The Fort Myers News-Press reported a death this week after the driver of a Corvette lost control in the rain and slammed into a truck. Police said the 53-year-old Cape Coral man lost control of his Corvette on State Road 82 near Lightard Knott Lane about 7:10 p.m. The vehicle went over the median, west of Buckingham Road, into eastbound traffic, where it hit a Ford F-350 King Cab.
Our experienced Fort Myers injury attorneys urge motorists to take the risks of driving in the rain seriously as we head into the height of storm season.
The news coming out of the nursing home industry is not good.
At this point, our nursing home injury lawyers in Fort Myers and Cape Coral suspect the risks are well known when it comes to COVID infections in nursing homes and assisted living facilities. Elderly populations and those with pre-existing conditions already face the highest risk of adverse outcomes.
But to understand the full scope of the risk, and place blame where it belongs, it is important to separate the universal COVID risks faced by the elderly, from the unnecessary risks faced by residents as a result of negligence and ineptness.
At Associates and Bruce L. Scheiner, Attorneys for the Injured, we stand in support of the many brave men and women working in our hospitals, as well as our first responders. We are taking care of our clients, our employees and our families and are doing whatever we can during these unprecedented times.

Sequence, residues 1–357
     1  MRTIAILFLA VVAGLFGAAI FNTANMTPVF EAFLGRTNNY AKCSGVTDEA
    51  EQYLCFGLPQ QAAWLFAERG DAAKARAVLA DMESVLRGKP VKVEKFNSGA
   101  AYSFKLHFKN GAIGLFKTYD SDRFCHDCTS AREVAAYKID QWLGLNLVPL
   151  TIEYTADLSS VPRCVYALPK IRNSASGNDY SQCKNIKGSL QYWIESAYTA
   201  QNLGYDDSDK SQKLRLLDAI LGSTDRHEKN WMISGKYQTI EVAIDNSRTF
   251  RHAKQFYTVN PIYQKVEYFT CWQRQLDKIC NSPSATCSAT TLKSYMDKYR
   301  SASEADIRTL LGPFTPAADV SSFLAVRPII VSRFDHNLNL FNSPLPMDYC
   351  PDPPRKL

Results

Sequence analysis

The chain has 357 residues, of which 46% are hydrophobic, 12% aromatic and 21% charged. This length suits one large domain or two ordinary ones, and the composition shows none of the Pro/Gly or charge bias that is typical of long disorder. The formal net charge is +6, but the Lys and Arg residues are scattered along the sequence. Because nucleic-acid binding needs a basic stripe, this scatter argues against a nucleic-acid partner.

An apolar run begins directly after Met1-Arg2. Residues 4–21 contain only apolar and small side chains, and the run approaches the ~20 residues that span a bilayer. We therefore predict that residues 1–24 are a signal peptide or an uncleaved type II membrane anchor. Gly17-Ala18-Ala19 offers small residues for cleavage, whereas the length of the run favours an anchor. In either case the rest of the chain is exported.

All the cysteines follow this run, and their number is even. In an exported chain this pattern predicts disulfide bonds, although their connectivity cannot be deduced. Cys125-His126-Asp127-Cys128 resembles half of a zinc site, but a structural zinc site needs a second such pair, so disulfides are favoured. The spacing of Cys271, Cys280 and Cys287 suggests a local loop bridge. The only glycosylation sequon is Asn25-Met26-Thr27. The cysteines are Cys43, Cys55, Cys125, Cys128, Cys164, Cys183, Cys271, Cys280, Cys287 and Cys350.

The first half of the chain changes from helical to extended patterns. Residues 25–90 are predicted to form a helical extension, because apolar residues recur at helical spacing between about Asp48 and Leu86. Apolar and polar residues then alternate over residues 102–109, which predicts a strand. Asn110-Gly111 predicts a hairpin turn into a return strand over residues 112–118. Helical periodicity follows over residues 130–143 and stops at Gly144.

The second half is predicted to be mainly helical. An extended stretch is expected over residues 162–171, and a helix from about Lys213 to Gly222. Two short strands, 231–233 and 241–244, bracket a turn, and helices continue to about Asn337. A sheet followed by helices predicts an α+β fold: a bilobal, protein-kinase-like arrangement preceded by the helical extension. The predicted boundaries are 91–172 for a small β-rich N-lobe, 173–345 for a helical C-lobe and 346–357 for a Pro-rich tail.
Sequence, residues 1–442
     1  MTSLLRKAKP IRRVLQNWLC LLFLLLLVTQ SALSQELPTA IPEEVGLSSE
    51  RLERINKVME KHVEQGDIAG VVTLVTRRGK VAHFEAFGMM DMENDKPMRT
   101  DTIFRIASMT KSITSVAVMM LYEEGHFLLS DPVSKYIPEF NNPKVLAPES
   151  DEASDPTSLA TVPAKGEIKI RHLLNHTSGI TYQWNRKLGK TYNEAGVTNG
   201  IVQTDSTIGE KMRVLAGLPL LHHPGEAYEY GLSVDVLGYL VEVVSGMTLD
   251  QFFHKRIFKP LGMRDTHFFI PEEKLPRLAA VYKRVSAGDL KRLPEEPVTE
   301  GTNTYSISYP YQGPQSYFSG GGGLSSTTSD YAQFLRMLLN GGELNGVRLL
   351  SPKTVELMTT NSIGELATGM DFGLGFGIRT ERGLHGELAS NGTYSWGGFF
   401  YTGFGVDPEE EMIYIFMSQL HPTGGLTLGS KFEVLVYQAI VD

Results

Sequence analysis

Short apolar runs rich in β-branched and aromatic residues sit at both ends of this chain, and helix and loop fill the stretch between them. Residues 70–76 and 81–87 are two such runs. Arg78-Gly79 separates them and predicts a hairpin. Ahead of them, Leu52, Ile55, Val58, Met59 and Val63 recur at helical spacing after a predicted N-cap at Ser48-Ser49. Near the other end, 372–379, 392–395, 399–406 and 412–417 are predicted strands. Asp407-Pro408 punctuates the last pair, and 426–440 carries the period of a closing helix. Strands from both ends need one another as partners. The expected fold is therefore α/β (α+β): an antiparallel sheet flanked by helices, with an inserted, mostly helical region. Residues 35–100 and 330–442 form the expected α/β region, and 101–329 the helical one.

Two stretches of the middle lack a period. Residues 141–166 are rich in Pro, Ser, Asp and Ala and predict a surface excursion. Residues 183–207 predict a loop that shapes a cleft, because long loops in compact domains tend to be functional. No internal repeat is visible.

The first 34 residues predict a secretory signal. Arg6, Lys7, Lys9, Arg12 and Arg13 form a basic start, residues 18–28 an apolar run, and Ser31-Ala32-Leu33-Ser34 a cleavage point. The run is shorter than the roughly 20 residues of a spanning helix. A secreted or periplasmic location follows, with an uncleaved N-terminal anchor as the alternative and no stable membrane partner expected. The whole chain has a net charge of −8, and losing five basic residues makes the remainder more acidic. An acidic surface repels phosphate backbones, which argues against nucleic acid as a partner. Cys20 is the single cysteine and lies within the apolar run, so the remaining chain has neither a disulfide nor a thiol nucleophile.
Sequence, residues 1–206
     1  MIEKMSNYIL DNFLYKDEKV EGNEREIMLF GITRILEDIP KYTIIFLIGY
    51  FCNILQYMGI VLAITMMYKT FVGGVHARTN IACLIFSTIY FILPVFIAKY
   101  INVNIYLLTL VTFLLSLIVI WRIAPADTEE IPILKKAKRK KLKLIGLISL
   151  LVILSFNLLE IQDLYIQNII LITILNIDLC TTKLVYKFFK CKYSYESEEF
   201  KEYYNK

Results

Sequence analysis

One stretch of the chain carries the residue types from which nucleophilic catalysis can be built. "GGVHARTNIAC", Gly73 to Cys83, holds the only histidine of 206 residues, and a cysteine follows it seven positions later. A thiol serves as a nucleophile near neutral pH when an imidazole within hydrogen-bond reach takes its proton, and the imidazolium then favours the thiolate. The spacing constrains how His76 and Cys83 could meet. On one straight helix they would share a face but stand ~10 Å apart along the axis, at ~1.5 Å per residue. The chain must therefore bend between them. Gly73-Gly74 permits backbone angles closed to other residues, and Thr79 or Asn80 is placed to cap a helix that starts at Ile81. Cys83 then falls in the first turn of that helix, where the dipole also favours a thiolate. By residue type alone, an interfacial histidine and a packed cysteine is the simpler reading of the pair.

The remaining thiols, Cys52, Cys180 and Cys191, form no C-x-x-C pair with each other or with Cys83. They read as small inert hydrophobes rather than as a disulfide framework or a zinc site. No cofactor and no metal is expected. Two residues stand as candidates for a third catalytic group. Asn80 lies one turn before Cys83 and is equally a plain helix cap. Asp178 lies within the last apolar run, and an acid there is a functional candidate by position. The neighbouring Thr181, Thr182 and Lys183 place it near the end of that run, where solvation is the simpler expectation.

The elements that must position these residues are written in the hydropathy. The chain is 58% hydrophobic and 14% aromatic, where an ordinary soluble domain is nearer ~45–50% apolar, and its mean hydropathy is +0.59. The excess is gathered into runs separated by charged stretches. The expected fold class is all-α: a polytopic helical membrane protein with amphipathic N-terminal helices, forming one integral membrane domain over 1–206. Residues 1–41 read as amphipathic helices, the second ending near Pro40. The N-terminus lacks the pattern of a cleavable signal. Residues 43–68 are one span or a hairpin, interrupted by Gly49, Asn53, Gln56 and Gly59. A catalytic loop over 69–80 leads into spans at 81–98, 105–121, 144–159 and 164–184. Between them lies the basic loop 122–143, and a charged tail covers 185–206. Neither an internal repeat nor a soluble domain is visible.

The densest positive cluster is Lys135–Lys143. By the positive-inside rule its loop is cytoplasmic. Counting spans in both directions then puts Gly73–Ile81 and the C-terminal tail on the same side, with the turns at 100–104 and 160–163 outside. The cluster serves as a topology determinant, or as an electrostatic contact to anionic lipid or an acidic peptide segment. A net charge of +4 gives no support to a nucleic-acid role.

But the impact of the outbreak goes far beyond those occupations we have generally considered to be high risk. From dental hygienists to school teachers and grocery store employees — the portion of the workforce with legitimate health and safety concerns have increased exponentially since the worldwide pandemic began less than a month ago.
Spring training and spring break are upon us as Southwest Florida enters the height of the winter tourist season.
Traffic is reaching its annual peak in Lee and Collier counties, as the Minnesota Twins and the Boston Red Sox bring thousands of visitors to the area. On the beaches, spring break and visitors escaping frigid northern temperatures mean hotels, resorts, bars and restaurants are managing burgeoning workloads and reaping profits that will sustain them through the slower summer months.